Who Is Your Neighbor?

The term good Samaritan means someone who helps a stranger in need. It derives from the parable contained in today’s reading from Luke 10. A man had been beaten, robbed and left for dead on the road from Jerusalem to Jericho. Both a priest and a Levite—members of Israel’s “clerical” class, perhaps returning from their service at the Temple—pass him by without doing anything. Finally a Samaritan—someone whose credentials as a Jew were suspect—not only tends to the wounded man’s physical needs but even offers to pay his expenses. Thus this “foreigner” does more than anyone might have imagined.

Today’s Gospel passage features several characters. The first is a scholar of the Law (a scribe, expert in the Jewish Law), who asks Jesus for a concise summary of the Old Testament Law. He answers his own question (and anticipates Jesus’ answer) by citing love of God (Deut 6:4-5) and love of neighbor (Lev 19:18) as the great commandment. Then he asks another question (“And who is my neighbor?”), to which he receives an answer from Jesus in parable form that may well have surprised and disturbed him.


As we enter the parable we note the two “clerics” (the priest and the Levite) who pass by the injured man without trying to help him. It is easy enough for us to identify with them. And just when the scholar of the Law probably expects the third traveler to be a Jewish layman (in a kind of anticlerical joke), we get the heroic and compassionate good Samaritan. The one character who is present in the parable from beginning to end, however, is the wounded man. The priest, the Levite and the Samaritan come and go. The good Samaritan interacts with the wounded man, while the other two fail to do so. When we identify with the wounded man as the central character, we may get the more basic but subtle point of Jesus’ parable.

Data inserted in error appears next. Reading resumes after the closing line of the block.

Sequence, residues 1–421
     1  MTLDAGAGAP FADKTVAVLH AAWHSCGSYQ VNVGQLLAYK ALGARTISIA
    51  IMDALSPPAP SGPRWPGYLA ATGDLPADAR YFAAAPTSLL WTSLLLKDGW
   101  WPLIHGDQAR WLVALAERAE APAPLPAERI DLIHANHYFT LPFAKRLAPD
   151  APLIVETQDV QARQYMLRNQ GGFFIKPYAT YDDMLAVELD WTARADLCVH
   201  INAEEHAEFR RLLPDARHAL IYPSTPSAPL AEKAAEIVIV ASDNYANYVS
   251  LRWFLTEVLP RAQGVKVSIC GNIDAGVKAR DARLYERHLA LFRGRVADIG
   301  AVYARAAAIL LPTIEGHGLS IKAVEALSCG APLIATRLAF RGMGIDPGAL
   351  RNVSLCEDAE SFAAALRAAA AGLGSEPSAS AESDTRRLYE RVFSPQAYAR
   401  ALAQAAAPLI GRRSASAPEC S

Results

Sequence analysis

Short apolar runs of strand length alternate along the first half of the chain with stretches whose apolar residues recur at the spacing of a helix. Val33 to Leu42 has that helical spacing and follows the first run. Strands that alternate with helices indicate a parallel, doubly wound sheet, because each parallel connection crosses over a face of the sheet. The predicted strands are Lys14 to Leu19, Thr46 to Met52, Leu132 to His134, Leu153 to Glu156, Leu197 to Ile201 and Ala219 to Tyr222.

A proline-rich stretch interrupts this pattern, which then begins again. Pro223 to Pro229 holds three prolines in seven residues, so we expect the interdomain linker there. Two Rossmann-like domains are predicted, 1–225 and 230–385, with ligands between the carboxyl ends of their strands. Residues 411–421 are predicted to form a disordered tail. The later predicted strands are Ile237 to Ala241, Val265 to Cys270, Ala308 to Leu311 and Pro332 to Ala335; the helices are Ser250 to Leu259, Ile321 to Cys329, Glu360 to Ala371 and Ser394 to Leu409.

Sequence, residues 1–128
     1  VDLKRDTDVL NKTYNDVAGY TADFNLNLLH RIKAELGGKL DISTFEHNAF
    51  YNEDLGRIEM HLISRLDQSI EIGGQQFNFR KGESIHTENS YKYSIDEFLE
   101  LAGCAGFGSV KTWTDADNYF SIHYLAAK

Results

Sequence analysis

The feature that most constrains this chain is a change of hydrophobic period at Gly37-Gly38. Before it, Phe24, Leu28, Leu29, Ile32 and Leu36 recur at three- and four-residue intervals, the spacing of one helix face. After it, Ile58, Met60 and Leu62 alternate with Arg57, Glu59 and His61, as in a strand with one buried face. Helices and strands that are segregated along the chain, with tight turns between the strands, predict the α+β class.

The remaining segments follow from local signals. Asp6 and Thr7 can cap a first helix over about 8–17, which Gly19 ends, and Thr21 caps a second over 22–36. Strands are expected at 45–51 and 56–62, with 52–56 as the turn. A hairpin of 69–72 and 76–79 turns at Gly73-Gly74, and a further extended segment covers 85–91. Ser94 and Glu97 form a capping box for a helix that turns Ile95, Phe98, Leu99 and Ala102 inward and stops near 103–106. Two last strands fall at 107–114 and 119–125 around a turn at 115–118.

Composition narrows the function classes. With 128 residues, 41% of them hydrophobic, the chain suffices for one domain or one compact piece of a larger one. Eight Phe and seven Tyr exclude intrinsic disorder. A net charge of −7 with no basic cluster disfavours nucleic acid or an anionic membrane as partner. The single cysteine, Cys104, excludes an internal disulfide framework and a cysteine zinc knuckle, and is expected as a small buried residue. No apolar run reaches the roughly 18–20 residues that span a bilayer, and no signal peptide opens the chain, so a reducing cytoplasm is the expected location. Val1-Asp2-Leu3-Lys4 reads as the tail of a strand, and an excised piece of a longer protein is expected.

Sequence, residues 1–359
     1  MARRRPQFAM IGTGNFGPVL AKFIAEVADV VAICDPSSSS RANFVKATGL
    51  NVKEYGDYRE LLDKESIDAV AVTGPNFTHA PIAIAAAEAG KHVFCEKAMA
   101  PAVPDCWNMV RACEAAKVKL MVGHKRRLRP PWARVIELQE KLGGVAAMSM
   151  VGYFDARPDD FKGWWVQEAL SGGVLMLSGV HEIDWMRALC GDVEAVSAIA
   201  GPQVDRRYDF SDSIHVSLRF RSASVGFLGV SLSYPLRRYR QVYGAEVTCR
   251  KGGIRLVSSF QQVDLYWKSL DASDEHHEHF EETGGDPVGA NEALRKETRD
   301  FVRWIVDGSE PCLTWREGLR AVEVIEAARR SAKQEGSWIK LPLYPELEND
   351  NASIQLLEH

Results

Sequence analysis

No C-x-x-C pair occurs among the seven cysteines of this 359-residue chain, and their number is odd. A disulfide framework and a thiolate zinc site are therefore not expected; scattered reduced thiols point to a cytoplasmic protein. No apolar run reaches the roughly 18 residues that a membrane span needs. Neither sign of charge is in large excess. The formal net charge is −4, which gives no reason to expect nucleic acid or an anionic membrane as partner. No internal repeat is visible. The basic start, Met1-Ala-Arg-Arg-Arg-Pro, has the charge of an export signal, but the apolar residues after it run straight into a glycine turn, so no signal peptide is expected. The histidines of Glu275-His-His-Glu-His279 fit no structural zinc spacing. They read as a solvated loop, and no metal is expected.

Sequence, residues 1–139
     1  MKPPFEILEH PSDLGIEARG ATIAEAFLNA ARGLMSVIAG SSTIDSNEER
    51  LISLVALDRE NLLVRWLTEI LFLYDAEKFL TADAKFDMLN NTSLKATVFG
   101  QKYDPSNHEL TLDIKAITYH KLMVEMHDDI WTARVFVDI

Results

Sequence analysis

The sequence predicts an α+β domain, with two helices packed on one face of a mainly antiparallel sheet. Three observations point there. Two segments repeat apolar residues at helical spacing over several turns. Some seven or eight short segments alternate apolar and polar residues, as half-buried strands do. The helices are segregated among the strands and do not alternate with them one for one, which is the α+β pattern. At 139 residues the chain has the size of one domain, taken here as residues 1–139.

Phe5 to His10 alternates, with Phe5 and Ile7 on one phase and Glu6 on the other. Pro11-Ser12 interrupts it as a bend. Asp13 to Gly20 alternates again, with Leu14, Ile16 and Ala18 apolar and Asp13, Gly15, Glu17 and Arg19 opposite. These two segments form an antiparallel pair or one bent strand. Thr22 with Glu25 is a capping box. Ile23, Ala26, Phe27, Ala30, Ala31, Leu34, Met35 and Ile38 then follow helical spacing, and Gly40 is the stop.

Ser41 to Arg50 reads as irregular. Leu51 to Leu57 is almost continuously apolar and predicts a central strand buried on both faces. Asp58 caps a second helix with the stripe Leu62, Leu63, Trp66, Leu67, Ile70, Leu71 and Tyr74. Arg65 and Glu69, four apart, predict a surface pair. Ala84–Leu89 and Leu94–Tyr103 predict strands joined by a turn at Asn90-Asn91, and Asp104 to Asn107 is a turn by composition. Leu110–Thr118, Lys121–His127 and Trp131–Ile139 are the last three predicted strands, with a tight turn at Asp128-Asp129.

Have you ever found yourself in a bad or dangerous situation when you desperately needed help? Perhaps it was car trouble or a fainting spell on the street or being in a fire. Imagine yourself in such a dangerous situation and ask yourself the scribe’s question, “And who is my neighbor?” Your answer would most likely be what the scribe’s answer was, “Anyone willing to help me.” In a real crisis we are not likely to be discriminating about who might come to our aid. Through Jesus’ parable the scribe is led to put aside his prejudices against Samaritans and to admit that in the case of the wounded man his neighbor would be anyone who acts mercifully. When we place ourselves alongside the man left for dead by the road, we too can let our prejudices about religion, race or anything else melt away as we look only for mercy and compassion from whoever might stop to help us. Then (and perhaps only then) are we able to accept the final challenge that Jesus poses to us all: Follow the example of the good Samaritan; “Go and do likewise.” Praying With Scripture

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